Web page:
The benefits of using more color are not limited only to children; repetition of colors has also enhanced the memory of nursing home residents and productivity across most demographics.

The Chester Shuffle

Lately, we’ve been busy sorting out prices, photos, flyers, and production of a whole slew of new products.  It’s kept us fairly busy, and you’ve seen some of the results of that.  This week and for the near future, we’re also busy with some rearrangements.  Paul, who has experience with school suppliers, has joined up, and we will hopefully have a graphic design artist joining us soon.  What that means is new desks, new computers, and a new living arrangement, if you will.  As it stands, Cari, Meg, Karen, Kathy, and Natasha share an office space, with Jim and Jack in offices, all attached to a central meeting space.  Soon, however, we will be rearranging. While Jim, Jack, and possibly Karen will be moving around in the two connected offices and a larger office upstairs, we will be juggling desks in here for a bit.   Please refer to this artfully drawn diagram.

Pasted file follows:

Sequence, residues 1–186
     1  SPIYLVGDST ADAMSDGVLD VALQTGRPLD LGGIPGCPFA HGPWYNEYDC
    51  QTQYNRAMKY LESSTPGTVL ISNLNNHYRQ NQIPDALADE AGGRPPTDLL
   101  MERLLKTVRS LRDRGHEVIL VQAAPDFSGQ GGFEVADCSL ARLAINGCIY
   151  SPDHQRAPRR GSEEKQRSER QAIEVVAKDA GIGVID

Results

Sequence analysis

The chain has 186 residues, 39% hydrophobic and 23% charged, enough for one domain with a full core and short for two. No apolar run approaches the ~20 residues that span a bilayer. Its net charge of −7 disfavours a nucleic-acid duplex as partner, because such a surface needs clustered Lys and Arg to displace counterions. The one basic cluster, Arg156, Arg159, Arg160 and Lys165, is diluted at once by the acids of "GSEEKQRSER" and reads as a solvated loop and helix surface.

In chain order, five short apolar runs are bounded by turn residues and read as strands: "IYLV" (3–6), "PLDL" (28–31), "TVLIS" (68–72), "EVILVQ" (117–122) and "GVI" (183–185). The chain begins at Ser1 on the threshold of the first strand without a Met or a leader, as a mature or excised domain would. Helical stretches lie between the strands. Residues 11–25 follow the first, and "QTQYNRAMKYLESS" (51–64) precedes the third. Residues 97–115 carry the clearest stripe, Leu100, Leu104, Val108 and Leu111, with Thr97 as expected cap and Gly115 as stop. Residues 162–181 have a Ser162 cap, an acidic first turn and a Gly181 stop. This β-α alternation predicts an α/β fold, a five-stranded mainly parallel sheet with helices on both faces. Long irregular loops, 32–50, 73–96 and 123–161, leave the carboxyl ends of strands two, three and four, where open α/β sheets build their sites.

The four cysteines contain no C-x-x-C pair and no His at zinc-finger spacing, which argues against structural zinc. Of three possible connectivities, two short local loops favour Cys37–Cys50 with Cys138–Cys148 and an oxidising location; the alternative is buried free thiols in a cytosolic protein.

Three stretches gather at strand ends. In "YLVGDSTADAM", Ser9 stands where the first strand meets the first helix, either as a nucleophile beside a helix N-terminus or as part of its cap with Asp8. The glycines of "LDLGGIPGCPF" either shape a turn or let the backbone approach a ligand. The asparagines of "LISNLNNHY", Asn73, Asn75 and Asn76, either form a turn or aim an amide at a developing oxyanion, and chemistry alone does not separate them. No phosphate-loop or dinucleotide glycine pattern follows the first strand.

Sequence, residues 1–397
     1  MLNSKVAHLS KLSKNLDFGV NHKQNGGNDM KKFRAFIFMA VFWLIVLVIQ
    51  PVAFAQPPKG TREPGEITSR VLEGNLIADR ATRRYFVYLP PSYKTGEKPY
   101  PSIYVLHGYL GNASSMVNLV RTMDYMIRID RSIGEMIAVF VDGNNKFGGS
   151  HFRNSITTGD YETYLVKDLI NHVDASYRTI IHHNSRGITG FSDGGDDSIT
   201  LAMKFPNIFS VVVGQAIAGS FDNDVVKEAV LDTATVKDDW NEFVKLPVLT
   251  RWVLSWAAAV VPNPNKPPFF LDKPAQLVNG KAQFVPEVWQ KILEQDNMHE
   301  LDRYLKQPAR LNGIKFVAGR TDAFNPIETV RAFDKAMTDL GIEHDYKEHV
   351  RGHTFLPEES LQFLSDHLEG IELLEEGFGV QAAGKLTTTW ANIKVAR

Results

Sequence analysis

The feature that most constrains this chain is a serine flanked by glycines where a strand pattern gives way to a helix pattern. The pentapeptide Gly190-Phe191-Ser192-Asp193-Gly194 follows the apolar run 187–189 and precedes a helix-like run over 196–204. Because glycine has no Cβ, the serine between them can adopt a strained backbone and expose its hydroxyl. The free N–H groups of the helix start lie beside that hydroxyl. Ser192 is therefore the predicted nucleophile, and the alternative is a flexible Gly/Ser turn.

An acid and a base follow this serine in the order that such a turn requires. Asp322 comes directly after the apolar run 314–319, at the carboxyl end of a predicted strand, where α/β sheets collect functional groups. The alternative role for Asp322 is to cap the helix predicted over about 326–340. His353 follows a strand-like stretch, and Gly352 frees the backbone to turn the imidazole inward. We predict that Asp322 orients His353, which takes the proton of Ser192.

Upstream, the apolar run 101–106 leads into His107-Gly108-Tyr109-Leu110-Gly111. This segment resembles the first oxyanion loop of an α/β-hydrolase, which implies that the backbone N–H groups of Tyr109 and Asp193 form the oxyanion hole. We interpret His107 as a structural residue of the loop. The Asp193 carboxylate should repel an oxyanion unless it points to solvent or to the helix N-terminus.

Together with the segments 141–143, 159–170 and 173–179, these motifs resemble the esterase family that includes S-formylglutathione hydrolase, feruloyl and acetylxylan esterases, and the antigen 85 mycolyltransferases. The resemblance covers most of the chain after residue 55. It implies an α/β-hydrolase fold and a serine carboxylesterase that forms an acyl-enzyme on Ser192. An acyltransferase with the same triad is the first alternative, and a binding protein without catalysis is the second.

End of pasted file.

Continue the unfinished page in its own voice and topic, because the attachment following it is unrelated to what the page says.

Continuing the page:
"The Chester Shuffle"

"The Chester Shuffle"

Update: More shuffling! After less than an hour of life, my beautiful diagram is already obsolete.

Happy Valentine’s Day!

Happy Valentine’s Day, all!  Do we all recognize the stunning cartoon to the left?  No?  But it’s Carl Sagan! Amazing astronomer of great renown.  He was a huge part  of the space program, made great discoveries about the universe and solar system, and starred in the awesome mashup music video below.  Carl Sagan also has the dubious honor of being featured in my new favorite Valentine, as you may have noticed.

In other space-related news, spacecraft Stardust is making a historical second fly by of a comet. Twelve years ago it was the first spacecraft to collect dust particles from a comet.  Now, it will be flying past a second comet, with only a cup of fuel left, to take pictures of a man-made crater.  This is the first time one comet has ever been studied by two different spacecraft.